from the wet sidewalk
                    her broken English 

                         freejazz punk noise rock music
                         blasts out of the clubs and bars

modern dancers spin
Pirate's Cove weaves siroccos
bright Pere Ubu night

     freighter glides silently;
     radio plays blue velvet

          the night's ballet--
          adagio of river and bridges
          sailors delight

                wind scuds leaf-sail galleons
                stars drown: chilly ecstasy

                     one ship left, seeking
                     the safe harbor of the moon
                     before it, too, dies

                         a shred of light left to hold
                         -but inadequate; I fear for this anchor 

waves reflect gold, bronze,
or ash floating like soot
where her hopes burned, capsized, sank

     exploded like the helm
     of the Titanic on ice

           slashed open
           listing to the right
           falling in love again

  • Renga are poems which alternate three line verses in haiku format (5-7-5) with two line verses (7-7).  
  • Each verse links to the previous verse, but not to verses before that.
Join the fun!
To add a stanza, go on to part 4

Background info:

Thursday, February 13, 2014

Slices from a Silver Blade

The most recent issue of  Silver Blade Magazine has Mary A. Turzillo and me as the featured poets, including a couple of poems from each of us, and an interview with both of us by editor John C. Mannone.
And he says flattering things about us, too!

logo of Silver Blade

Saturday, February 8, 2014

The Literary Industrial Complex...

Michael Lista, in the (Canadian) National Post, warns of the "literary industrial complex". His advice: publish less.
Ouch!  I think I like this guy.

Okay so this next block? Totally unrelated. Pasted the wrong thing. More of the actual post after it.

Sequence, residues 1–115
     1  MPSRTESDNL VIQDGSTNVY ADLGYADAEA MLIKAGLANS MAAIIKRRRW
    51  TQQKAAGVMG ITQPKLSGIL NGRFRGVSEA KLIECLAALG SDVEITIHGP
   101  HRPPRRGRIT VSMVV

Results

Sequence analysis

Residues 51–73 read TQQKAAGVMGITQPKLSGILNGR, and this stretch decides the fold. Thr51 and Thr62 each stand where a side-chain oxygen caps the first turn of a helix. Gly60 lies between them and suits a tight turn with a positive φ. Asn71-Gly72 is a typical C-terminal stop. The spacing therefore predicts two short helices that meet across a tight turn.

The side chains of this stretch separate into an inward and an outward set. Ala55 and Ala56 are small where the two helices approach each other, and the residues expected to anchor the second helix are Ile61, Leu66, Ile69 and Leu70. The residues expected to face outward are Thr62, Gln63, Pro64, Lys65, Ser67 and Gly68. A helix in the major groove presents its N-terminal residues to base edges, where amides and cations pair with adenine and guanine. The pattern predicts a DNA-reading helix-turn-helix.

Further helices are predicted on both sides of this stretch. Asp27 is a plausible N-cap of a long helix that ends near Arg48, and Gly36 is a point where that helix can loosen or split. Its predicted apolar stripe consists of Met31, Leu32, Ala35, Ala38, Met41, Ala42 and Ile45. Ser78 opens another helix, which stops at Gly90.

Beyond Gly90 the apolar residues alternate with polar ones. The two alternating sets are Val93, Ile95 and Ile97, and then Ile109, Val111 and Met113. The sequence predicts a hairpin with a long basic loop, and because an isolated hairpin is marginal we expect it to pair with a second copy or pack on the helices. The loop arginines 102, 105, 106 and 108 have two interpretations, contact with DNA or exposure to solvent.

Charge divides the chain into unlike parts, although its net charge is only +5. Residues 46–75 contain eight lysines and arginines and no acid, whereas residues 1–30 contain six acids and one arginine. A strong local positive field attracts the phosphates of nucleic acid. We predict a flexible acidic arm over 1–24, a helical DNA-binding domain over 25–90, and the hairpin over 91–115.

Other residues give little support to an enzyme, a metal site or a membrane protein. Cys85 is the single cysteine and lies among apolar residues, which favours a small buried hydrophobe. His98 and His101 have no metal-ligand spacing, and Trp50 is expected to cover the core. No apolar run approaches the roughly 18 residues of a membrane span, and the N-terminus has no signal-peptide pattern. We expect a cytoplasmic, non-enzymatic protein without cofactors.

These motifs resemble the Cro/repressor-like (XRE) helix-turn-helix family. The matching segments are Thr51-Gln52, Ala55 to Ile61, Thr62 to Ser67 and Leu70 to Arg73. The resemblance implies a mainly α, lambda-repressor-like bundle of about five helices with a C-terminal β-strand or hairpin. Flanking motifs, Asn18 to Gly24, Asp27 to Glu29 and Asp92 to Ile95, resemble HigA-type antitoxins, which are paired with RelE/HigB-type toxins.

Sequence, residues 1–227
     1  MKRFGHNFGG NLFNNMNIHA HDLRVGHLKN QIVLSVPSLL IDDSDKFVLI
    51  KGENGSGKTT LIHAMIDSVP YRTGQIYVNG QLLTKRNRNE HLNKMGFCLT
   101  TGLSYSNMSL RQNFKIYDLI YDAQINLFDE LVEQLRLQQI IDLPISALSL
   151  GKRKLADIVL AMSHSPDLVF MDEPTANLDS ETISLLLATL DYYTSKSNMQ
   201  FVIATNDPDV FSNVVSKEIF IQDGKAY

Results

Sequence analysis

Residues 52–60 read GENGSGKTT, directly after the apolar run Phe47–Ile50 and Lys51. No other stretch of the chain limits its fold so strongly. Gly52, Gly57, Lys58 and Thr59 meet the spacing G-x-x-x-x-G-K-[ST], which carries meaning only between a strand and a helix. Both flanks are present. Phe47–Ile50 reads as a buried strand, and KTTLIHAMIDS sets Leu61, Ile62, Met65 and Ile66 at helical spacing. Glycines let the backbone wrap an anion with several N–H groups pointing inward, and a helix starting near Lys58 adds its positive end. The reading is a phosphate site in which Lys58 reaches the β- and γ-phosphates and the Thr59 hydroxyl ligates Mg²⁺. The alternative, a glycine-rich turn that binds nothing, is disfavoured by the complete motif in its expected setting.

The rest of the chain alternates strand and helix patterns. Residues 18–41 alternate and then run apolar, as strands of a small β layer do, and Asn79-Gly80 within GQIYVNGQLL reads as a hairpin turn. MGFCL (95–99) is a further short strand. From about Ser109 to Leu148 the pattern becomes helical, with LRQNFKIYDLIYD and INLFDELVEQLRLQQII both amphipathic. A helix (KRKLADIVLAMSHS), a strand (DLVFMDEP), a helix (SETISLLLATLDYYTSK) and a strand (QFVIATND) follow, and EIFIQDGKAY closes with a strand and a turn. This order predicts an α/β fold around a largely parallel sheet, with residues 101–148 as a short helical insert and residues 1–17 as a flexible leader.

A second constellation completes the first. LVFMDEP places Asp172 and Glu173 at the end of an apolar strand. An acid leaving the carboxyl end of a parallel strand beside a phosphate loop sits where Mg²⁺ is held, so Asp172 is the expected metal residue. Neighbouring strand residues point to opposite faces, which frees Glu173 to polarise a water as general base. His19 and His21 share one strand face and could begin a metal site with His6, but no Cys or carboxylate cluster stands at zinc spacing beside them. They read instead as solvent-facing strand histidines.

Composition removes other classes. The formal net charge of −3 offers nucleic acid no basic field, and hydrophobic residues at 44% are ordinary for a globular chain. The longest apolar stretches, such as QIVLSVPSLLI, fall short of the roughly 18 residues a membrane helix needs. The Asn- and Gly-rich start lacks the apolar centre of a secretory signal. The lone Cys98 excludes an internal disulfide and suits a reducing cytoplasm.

" the munitions factory whose only enemy is an armistice, the Literary Industrial Complex in this country requires an unbroken draught of verbiage, regardless of the quality, for its continued solvency. It dovetails nicely with the post-Humanist aesthetic that presently predominates English-language verse, which values the elliptical, the runic, the evasively verbose, in which questions of aesthetic merit dissolve in a sociological and stylistic bath, poems that buy into what Ange Mlinko has called “the sense that the lid has been ripped off any consensual definition of poetry, and that for a new generation it has been a test of one’s authenticity to write poems that evade all criteria for a ‘good poem.’ ” And the more of it the better."

And he has advice for literary magazines, too (or at least, Canadian literary magazines): Why literary magazines should fold

Tuesday, February 4, 2014

Alex Bevan and Rachel Brown

Songwriting is a form of poetry, too.

"I have no wings... I have no wheels…
only these dreams I fasten to my heels…
I have no wings… I have no road…
only these songs to sing before I go…"
--Alex Bevan

Alex Bevan and Rachel Brown: 2 of Cleveland's best storytelling singers unite for a songwriters night


The poet doesn't invent. He listens. ~Jean Cocteau